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Letter Degrade 

UA anesthesiology prof under fire for past anti-gay comments

UA students gather to protest Dr. Randal Dull’s continued employment.

Kathleen B. Kunz

UA students gather to protest Dr. Randal Dull’s continued employment.

It turns out that publicly dismissing the LGBT community as a collection of "perverts" and "degenerates" might not be great for your professional career.

Or at least that's what Dr. Randal Dull, an internationally recognized anesthesiologist who joined the UA College of Medicine's Department of Anesthesiology last summer, is learning. Dull has become the target of protests after an anti-gay letter he penned more than a decade ago to the local newspaper in Park City, Utah, resurfaced and was circulated online.

Dull's letter bashed The Park Record for running a story about a local LGBTQ-friendly lounge. Referring to the gay community as "perverts" and "degenerates," Dull wrote that elected officials failed to maintain "family values" within the city by allowing the lounge to exist on Main Street.

"Good people have allowed themselves to be deceived by the brainwashing use of words like 'tolerance' and 'diversity'—which are nothing more than polite ways of asking us to abandon our principles," he wrote. "Those who wish to undermine the Christian heritage of our country do so to destroy the only real resistance to this open promotion of perversion and radical liberalism."

When he wrote the letter, Dull was working as an anesthesiology director at the University of Utah.

Dull was chair of the UA Department of Anesthesiology until Aug. 16, when he quietly stepped down after the letter gained attention. In addition to heading the department, Dull also represented the university as a senior editor of Anesthesia & Analgesia, the peer-reviewed journal of the International Anesthesia Research Society.

He joined the UA in July 2018, after leading an anesthesiology research program at the University of Illinois at Chicago. He continues to work as a tenured professor and practicing doctor at Banner University Medical Center, located at 1625 N. Campbell Ave.

Dr. Irving Kron, interim dean of the College of Medicine, and Dr. Michael Dake, senior vice president of UA Health Sciences (who is currently involved in an ethics scandal of his own), announced the change in a press release last month, stating it was necessary "to preserve unity in the pursuit of our mission."

Without naming the criticisms against Dull directly, the two wrote: "When issues and concerns arise that could be detrimental to our mission of providing cutting-edge health education, research, patient care and community outreach services, it impacts our ability to best serve our students, our patients and the community at large."

Student activists assembled in the heat of mid-day last Wednesday, Sept. 4, at the university's "Free Speech Zone" in front of the administration building. They spoke about pervasive homophobia and transphobia within higher education, and demanded that Dull be fired for his letter and treatment of subordinate employees.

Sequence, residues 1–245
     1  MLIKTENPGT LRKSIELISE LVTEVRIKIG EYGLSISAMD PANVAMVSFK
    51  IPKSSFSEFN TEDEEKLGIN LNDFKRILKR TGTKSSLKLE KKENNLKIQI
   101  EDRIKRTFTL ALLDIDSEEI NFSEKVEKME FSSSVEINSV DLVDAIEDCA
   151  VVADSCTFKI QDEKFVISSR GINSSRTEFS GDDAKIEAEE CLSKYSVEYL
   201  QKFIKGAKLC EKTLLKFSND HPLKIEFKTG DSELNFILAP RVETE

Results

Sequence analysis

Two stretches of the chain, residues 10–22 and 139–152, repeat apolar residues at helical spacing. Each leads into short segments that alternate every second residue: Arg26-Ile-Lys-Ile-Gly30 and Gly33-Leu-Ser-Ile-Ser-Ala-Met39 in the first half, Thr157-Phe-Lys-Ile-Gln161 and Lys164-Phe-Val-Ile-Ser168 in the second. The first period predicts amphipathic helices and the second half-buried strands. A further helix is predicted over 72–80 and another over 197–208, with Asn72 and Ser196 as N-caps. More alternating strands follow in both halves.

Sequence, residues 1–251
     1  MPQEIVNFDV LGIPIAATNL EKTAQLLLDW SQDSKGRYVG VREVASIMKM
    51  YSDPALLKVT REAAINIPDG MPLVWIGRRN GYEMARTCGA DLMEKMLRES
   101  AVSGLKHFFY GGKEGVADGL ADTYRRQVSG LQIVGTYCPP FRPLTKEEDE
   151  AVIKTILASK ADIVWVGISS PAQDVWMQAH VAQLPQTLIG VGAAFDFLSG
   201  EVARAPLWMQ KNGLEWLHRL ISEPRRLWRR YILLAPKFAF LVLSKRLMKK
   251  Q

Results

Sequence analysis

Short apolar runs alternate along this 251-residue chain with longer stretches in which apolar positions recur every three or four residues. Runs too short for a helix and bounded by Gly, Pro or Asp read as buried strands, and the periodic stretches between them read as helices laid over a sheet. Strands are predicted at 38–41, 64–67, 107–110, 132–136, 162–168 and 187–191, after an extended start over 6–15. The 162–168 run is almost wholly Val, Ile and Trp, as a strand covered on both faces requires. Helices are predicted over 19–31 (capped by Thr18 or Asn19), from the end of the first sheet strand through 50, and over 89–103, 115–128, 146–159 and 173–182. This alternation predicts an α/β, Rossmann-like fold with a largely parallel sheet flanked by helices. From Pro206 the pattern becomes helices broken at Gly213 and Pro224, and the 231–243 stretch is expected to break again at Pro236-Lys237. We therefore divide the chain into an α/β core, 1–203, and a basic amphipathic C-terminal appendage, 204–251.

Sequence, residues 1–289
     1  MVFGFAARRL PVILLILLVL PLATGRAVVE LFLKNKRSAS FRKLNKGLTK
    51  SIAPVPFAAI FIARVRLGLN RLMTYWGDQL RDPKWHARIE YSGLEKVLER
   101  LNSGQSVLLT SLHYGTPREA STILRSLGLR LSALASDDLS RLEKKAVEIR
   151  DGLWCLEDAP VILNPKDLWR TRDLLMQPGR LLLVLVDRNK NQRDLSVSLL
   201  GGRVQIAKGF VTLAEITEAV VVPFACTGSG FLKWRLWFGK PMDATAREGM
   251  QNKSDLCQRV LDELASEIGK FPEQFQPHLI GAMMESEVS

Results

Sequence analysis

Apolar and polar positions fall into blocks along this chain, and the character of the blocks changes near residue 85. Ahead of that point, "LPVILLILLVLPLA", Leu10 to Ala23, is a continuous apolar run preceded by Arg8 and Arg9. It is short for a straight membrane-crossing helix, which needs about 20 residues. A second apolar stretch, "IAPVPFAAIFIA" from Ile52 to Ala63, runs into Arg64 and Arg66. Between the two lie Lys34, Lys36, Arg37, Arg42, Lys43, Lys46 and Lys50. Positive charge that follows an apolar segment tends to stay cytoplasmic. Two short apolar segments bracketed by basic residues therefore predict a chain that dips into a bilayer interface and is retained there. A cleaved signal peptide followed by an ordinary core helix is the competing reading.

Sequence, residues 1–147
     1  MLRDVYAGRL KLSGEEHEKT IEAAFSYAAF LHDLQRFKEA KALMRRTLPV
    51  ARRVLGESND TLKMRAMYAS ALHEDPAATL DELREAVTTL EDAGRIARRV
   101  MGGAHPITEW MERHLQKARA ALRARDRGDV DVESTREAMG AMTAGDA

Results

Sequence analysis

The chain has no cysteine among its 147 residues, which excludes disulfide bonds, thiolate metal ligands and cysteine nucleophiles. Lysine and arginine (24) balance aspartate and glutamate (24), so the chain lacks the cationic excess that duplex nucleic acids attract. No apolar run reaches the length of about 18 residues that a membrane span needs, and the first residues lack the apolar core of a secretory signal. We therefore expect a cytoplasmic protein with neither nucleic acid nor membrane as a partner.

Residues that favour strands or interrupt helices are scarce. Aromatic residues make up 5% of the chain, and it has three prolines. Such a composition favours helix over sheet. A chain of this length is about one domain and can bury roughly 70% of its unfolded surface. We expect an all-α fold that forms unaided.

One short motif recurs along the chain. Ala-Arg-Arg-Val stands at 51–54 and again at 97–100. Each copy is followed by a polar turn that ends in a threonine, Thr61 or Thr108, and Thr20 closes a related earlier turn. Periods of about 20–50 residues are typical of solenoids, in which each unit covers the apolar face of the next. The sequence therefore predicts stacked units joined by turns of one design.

"We want Dr. Dull fired for his comments. What he said is reprehensible, it's disgusting, it's hate speech and we don't want it here on our campus," said Riley Conklin, a member of Queers United Coalition, a group of queer and trans students at the university.

Queers United Coalition released a statement indicating they are grateful that his position as chair was rescinded, but it doesn't go far enough to protect LGTBQ+ students and community members from discrimination on campus.

"We can say with confidence that we would not feel safe handing our medical care or the care of our loved ones over to this man," their statement says. "For him to continue practicing medicine at Banner Hospital is more than worrying, it is deeply upsetting and dangerous. If your professor despises who you are, both your learning and safety are threatened.

The UA's Health Sciences communications team released the following statement from Dull himself.

"I apologize unequivocally for the hurtful way I addressed an issue 15 years ago about which people have very sincerely held thoughts and feelings," Dull wrote. "I recognize that it's an honor and a privilege to serve as an educator and physician, and I am committed to the values and vision of the University of Arizona and Banner University Medical Center. I always have and will continue to train medical students and residents to provide equitable, compassionate care, and to serve every person and every patient I encounter with dignity and respect."

Representatives from Banner UMC clarified that while Dull is on the medical staff at their hospital, he is not employed by the organization. They also released a statement after the protests against Dull, but did not comment on the allegations directly.

"At Banner Health, we value equity, diversity and inclusion, and provide the very best care to every patient, regardless of their country of origin, race, religious beliefs, sex, sexual orientation or gender identity," their statement reads. "Everyone who walks through our doors is treated with compassion, dignity and respect."

On Sept. 3, the College of Medicine appointed Dr. Jerry McCoy as interim chair of the Department of Anesthesiology. According to a press release, McCoy has more than 25 years of clinical experience as an anesthesiologist. He served as chief of staff at Oro Valley Hospital from 2010 to 2012 and also was an assistant professor of clinical anesthesiology and critical care at UA from 1999 to 2005.

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